Though play comes naturally to most 3-year-olds, preschoolers still need help finding safe and developmentally appropriate toys. Try to resist the temptation to rush out and buy the latest "educational" toys on the market or whatever's hot on TV. A good set of blocks that can be played with in many different ways is more likely to teach math skills than is an expensive electronic toy that works only when you push certain buttons.
Also, try to avoid sexism. It's perfectly okay for preschool boys to play with kitchen toys and for girls to play with trucks. Such choices do not determine sexual orientation. However, depriving a child of certain toys or experiences on the basis of gender does short-circuit creativity and growth. The other extreme -- forcing dolls on boys or footballs on girls -- can be harmful, too. Studies show that even in the most gender-neutral environments, boys and girls tend to play with different kinds of toys. Your best bet is to follow your child's lead.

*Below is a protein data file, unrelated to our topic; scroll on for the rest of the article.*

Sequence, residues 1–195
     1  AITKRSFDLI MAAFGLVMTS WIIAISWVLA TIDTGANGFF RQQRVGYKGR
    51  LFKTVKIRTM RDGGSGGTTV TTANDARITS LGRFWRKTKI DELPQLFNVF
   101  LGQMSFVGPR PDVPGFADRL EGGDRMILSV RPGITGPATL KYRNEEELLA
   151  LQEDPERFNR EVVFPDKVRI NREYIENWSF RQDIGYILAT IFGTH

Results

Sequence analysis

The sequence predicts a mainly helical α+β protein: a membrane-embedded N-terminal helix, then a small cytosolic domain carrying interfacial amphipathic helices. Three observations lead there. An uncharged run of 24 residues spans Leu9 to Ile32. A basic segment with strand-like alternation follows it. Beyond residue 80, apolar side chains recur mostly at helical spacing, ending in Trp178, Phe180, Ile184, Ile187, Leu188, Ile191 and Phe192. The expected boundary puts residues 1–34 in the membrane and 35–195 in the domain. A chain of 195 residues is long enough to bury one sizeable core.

Another rule of thumb: Less is more. Although an expensive, store-bought dalmatian costume would probably look adorable, your child will have just as much fun-and use more brainpower-pretending to be a puppy with cardboard ears and a pin-on tail. Some of the best play materials for this age group are items that cost nothing: a wrapping-paper cylinder to use as a telescope, an old pair of boots for exploring in, an oversize box that can serve as a car. Open-ended items that invite hands-on experimentation give your child the freedom to pretend and learn -without inhibiting rules and constraints. So consider recycling household items as toys.
Also think in terms of categories. A variety of activities will help develop your child's body, mind, and emotions. Three-year-olds especially enjoy:
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